“Secretariat”: The luminous Diane Lane stars in this fact-based story of Penny Chenery, a housewife and mother who in 1973 took over her father’s horse stables and, with the help of a trainer (John Malkovich), produced the first Triple Crown winner in 25 years. more

“Waiting For Superman:” Oscar-winning filmmaker Davis Guggenheim (“An Inconvenient Truth”) trains his camera on the U.S. public-education system, following the lives of five bright kids and the hurdles they must overcome to fulfill their potentials. more

“I Spit on Your Grave:” The infamous, widely reviled 1979 exploitation classic gets a fresh makeover, starring Sarah Butler as a writer who exacts horrifyingly bloody revenge on the men who raped and beat her and left her for dead. Directed by Steven R. Monroe, who apparently found some justification for reviving this unpleasant chestnut.

OCT. 15

“Jackass 3D:” Johnny Knoxville, Bam Margera, Steve-O and the rest of the Jackass gang return for more gross-out, wince-inducing stunts, only this time the boogers and vomit are in vivid 3D.

“Red”: Bruce Willis, Morgan Freeman, John Malkovich and Helen Mirren are a team of ex-CIA agents targeted and framed for murder by their former bosses. You’ve never seen ruthless assassins as elegant and well-acted as these.

“You Will Meet a Tall Dark Stranger”: Writer-director Woody Allen returns to England for this story about two married couples (Anthony Hopkins and Gemma Jones, Josh Brolin and Naomi Watts) struggling with boredom, infidelity and lust. Antonio Banderas, Lucy Punch and Freida Pinto co-star as the assorted lovers and mistresses.

OCT. 22

“Howl”: James Franco is the famed poet Allen Ginsberg in this free-form, quasi-experimental recounting of his life and career. The movie is directed by Rob Epstein and Jeffrey Freeman (“The Celluloid Closet”).

“Hereafter”: Director Clint Eastwood edges into new thematic territory — the supernatural — with this story of a blue-collar American (Matt Damon), a French journalist (Bryce Dallas Howard) and a London school boy (Cecile de France) who are touched by death in different ways. The script was written by Peter Morgan (“Frost/Nixon,” “The Last King of Scotland”). Color us intrigued.

“Paranormal Activity 2”: Writer-director Oren Peli, who made last year’s “Paranormal Activity” for around $10,000 and watched the film go on to gross more than $150 million, only served as producer for this sequel. The plot details and even the premise have been kept under tight wraps. Let’s just hope they come up with a decent ending this time.

“Stone”: A convicted arsonist (Edward Norton) eligible for early release hatches an elaborate scheme to convince a parole officer (Robert De Niro) that he has genuinely reformed. Liar!

OCT. 29

“Saw 3D”: Another Halloween, another “Saw” movie. Apparently, some people still pay money to watch. Later, those same people go online to whine about how bad the movie was. Well, what did you expect? Did you really think the series was suddenly going to turn good?

“Conviction”: After her brother (Sam Rockwell) is arrested for murder and sentenced to life in prison, an uneducated woman (Hilary Swank) with two children puts herself through high school, college and law school in order to overturn the conviction and prove his innocence. Minnie Driver, Melissa Leo and Juliette Lewis co-star for director Tony Goldwyn.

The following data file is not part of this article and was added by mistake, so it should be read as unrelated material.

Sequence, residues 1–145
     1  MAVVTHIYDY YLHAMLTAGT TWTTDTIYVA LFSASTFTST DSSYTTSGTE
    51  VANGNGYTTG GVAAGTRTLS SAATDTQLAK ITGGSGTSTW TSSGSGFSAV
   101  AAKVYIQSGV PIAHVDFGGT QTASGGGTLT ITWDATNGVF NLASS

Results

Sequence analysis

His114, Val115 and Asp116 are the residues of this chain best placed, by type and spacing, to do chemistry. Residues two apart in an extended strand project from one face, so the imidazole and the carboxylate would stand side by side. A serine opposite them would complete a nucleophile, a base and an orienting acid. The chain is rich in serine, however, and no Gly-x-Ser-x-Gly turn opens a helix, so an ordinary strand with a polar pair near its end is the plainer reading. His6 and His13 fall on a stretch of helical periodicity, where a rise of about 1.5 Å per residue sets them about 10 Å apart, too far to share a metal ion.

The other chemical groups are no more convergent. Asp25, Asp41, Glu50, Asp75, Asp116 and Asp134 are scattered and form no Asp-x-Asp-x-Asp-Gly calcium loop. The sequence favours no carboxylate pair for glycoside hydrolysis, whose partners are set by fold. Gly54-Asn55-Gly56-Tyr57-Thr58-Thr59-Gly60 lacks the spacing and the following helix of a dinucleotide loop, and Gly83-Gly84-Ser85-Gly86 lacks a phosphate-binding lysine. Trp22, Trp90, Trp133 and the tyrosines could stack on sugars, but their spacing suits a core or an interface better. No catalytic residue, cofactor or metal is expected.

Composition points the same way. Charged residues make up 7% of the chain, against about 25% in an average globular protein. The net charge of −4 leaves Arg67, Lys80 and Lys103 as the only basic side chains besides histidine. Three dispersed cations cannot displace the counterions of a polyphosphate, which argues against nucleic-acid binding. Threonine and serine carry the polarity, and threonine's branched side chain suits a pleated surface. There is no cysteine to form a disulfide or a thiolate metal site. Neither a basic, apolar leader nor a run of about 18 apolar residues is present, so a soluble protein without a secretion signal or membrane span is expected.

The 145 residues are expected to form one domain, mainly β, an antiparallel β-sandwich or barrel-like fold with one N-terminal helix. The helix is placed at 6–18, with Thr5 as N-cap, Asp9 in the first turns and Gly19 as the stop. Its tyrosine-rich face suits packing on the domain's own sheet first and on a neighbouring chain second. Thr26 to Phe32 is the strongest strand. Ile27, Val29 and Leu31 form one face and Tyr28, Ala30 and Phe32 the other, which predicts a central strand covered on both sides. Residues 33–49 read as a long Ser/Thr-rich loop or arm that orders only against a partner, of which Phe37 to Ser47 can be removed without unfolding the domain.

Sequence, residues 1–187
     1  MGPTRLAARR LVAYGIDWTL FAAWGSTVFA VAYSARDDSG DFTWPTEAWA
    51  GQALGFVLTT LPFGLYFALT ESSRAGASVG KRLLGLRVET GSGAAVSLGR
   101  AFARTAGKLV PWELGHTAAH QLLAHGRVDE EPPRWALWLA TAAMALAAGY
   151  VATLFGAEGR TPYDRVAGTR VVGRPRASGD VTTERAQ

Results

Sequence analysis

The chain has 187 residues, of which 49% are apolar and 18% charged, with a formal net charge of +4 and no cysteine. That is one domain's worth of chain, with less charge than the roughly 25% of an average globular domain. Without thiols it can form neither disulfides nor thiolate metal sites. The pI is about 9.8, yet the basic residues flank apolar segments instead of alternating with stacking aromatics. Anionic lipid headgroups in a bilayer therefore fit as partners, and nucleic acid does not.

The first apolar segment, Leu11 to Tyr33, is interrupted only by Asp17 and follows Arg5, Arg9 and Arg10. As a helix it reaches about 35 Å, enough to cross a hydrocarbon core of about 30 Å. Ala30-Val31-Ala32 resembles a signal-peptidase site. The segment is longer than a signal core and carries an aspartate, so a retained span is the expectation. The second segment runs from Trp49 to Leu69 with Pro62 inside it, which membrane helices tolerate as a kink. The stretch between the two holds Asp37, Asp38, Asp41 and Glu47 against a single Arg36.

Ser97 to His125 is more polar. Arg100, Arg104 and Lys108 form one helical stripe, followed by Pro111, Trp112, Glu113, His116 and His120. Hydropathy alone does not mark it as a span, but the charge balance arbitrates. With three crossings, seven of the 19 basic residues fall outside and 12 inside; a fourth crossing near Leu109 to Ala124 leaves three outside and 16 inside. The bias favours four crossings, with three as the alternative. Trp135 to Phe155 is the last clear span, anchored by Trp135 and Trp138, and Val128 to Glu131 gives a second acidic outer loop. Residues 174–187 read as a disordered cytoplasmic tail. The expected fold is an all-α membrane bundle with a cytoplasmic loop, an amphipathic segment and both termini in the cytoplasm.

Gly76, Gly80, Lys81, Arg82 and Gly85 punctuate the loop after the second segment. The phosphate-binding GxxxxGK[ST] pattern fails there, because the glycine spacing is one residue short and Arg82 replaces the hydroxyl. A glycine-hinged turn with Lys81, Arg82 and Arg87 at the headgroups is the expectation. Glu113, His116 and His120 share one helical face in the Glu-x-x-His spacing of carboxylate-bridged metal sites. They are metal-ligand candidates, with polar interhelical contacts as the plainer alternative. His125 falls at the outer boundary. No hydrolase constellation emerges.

NOV. 5

“127 Hours”: In his first film since the Oscar-winning “Slumdog Millionaire,” director Danny Boyle recounts the harrowing true story of mountain climber Aron Ralston (James Franco), who had to resort to extreme measures after a boulder fell on his arm and trapped him in a remote Utah canyon. Ouch.

“Nowhere Boy”: In 1955 Liverpool, a brash and witty teenager named John Lennon (“Kick-Ass”‘ Aaron Johnson) endures a tug of war for his affections between his mother (Anne-Marie Duff) and the aunt (Kristin Scott Thomas) who raised him. He also discovers a love of music and makes a new friend named Paul McCartney (Thomas Sangster). The rest, as they say, is history.

“Due Date”: Robert Downey Jr. returns to full-on comedy mode with this story of an expectant father who must hitch a ride with an obnoxious aspiring actor (Zach Galifianakis) in order to get home in time for the birth of his baby. Directed by Todd Phillips (“The Hangover”).

“Megamind”: In this computer-animated 3-D adventure, the eponymous supervillain (Will Ferrell) finally defeats his heroic arch-enemy (Brad Pitt), then discovers that his life has no meaning without someone to scheme against.

“The Company Men”: Three white-collar professionals (Ben Affleck, Chris Cooper and Tommy Lee Jones) must reinvent their lives after downsizing leaves them unemployed. Kevin Costner, Maria Bello and Craig T. Nelson co-star for writer-director John Wells (creator of TV’s “E.R.”)

“Inside Job”: Charles Ferguson, director of the superb Iraq War expose “No End in Sight,” returns with another timely documentary, this one exploring the chain of events that led to the recent economic recession.

NOV. 12

“Morning Glory”: A TV producer (Rachel McAdams) hires a famous anchorman (Harrison Ford) to revive the sagging ratings of her station’s morning news show, but the egotistical reporter refuses to share the stage with his co-anchor (Diane Keaton). Although comedy is not exactly his forte, Ford can be hilarious in the right role.

“Skyline”: The citizens of Los Angeles (including Eric Balfour, Donald Faison and Brittany Daniel) try to make sense of the strange lights that suddenly appear in the sky. Could they be evil extraterrestrials with highly advanced technology? Could they be planning to wipe mankind off the face of the planet? I’m betting yes.

“Unstoppable”: Denzel Washington, Chris Pine and Rosario Dawson are among the employees of a rail company racing to keep an unmanned, runaway freight train loaded with toxic chemicals from destroying a city. Directed by Tony Scott (“The Taking of Pelham 1 2 3”), who apparently has a thing for trains.